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Bulletin of the American Mathematical Society

The Bulletin publishes expository articles on contemporary mathematical research, written in a way that gives insight to mathematicians who may not be experts in the particular topic. The Bulletin also publishes reviews of selected books in mathematics and short articles in the Mathematical Perspectives section, both by invitation only.

ISSN 1088-9485 (online) ISSN 0273-0979 (print)

The 2020 MCQ for Bulletin of the American Mathematical Society is 0.84.

What is MCQ? The Mathematical Citation Quotient (MCQ) measures journal impact by looking at citations over a five-year period. Subscribers to MathSciNet may click through for more detailed information.


Geometry, analysis, and morphogenesis: Problems and prospects
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by Marta Lewicka and L. Mahadevan HTML | PDF
Bull. Amer. Math. Soc. 59 (2022), 331-369 Request permission


The remarkable range of biological forms in and around us, such as the undulating shape of a leaf or flower in the garden, the coils in our gut, or the folds in our brain, raise a number of questions at the interface of biology, physics, and mathematics. How might these shapes be predicted, and how can they eventually be designed? We review our current understanding of this problem, which brings together analysis, geometry, and mechanics in the description of the morphogenesis of low-dimensional objects. Starting from the view that shape is the consequence of metric frustration in an ambient space, we examine the links between the classical Nash embedding problem and biological morphogenesis. Then, motivated by a range of experimental observations and numerical computations, we revisit known rigorous results on curvature-driven patterning of thin elastic films, especially the asymptotic behaviors of the solutions as the (scaled) thickness becomes vanishingly small and the local curvature can become large. Along the way, we discuss open problems that include those in mathematical modeling and analysis along with questions driven by the allure of being able to tame soft surfaces for applications in science and engineering.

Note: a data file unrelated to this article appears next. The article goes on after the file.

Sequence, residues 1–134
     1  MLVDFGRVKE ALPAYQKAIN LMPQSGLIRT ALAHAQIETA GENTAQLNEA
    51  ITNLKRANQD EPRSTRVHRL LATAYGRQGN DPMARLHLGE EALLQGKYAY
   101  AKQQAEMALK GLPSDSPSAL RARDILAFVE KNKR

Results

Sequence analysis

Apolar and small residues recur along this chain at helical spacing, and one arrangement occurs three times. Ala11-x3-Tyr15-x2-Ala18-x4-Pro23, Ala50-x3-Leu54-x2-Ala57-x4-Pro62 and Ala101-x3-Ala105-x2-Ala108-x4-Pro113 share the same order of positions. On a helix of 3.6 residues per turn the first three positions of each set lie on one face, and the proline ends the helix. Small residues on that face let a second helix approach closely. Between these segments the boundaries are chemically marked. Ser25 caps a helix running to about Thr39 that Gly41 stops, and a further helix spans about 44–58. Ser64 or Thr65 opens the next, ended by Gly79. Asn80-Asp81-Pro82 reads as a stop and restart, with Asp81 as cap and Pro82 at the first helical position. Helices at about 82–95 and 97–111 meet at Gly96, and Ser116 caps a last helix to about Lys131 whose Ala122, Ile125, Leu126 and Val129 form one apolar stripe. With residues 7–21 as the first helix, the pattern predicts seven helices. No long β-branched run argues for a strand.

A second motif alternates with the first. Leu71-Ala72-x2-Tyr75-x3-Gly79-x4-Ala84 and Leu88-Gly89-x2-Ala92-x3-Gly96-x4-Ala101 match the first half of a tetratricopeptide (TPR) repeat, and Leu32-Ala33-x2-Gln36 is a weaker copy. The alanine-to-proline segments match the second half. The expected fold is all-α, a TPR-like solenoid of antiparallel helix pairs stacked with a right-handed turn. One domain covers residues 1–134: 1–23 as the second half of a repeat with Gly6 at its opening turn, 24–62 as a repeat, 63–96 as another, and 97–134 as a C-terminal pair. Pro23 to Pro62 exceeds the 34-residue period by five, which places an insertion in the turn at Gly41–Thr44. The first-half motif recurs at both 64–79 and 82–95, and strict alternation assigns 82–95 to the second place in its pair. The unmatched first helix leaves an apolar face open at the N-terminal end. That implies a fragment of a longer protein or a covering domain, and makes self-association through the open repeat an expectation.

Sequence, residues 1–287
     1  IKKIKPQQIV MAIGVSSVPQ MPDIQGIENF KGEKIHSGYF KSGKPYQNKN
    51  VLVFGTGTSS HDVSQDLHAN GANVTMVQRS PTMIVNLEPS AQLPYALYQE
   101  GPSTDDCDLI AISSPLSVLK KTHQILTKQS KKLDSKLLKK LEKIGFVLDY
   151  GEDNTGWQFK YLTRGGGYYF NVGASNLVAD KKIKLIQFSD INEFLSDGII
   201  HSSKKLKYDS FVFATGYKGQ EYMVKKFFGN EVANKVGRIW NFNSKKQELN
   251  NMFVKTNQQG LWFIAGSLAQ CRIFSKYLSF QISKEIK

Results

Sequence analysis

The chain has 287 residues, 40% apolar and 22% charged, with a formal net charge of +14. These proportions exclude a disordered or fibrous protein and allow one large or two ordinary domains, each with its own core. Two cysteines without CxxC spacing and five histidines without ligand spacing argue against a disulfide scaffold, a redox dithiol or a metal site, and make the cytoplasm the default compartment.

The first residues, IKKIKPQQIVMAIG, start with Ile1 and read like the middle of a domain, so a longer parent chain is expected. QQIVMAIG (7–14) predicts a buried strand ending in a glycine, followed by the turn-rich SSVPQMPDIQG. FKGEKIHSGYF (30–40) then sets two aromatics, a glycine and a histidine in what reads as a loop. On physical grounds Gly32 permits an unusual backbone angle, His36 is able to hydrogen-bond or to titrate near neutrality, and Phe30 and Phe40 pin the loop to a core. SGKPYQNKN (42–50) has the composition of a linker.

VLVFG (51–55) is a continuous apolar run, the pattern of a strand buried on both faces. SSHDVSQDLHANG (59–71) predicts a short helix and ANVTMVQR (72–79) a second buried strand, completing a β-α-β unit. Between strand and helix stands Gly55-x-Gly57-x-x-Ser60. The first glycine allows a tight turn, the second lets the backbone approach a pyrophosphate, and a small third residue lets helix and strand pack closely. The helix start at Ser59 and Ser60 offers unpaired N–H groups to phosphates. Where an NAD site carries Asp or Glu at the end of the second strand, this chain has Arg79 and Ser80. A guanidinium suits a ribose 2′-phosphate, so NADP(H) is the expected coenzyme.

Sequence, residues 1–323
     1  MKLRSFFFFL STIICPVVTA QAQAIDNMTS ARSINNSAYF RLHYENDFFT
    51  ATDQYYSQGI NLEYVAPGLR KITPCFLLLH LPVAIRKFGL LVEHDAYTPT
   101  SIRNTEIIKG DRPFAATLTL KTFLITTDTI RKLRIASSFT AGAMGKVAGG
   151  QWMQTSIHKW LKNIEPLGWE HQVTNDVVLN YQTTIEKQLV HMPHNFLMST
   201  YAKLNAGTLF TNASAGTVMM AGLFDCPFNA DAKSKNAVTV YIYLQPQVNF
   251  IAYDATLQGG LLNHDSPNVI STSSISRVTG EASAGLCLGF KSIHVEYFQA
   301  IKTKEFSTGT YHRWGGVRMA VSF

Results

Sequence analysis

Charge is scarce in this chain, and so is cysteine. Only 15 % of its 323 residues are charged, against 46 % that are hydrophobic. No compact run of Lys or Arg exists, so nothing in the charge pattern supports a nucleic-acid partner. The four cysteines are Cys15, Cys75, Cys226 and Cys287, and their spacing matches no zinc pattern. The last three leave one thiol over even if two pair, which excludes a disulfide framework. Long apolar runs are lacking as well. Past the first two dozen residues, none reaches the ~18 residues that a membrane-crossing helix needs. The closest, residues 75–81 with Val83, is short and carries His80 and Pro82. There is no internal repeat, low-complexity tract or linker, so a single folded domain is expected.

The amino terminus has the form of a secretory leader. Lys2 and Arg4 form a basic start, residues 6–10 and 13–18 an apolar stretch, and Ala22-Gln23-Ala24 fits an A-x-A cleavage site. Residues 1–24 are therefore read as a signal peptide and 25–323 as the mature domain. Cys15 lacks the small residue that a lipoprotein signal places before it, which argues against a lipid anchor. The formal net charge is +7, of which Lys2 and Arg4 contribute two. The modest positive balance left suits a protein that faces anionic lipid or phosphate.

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Additional Information
  • Marta Lewicka
  • Affiliation: University of Pittsburgh, Department of Mathematics, 139 University Place, Pittsburgh, Pennsylvania 15260
  • MR Author ID: 619488
  • Email:
  • L. Mahadevan
  • Affiliation: School of Engineering and Applied Sciences, and Departments of Physics, and Organismic and Evolutionary Biology, Harvard University, Cambridge, Massachusetts 02138
  • MR Author ID: 340014
  • ORCID: 0000-0002-5114-0519
  • Email:
  • Received by editor(s): April 12, 2021
  • Published electronically: May 23, 2022
  • Additional Notes: The first author was partially supported by NSF grant DMS 2006439. The second author was partially supported by NSF grants BioMatter DMR 1922321, MRSEC DMR 2011754, and EFRI 1830901
  • © Copyright 2022 American Mathematical Society
  • Journal: Bull. Amer. Math. Soc. 59 (2022), 331-369
  • MSC (2020): Primary 35-XX, 49-XX, 53-XX, 74-XX, 92-XX
  • DOI:
  • MathSciNet review: 4437801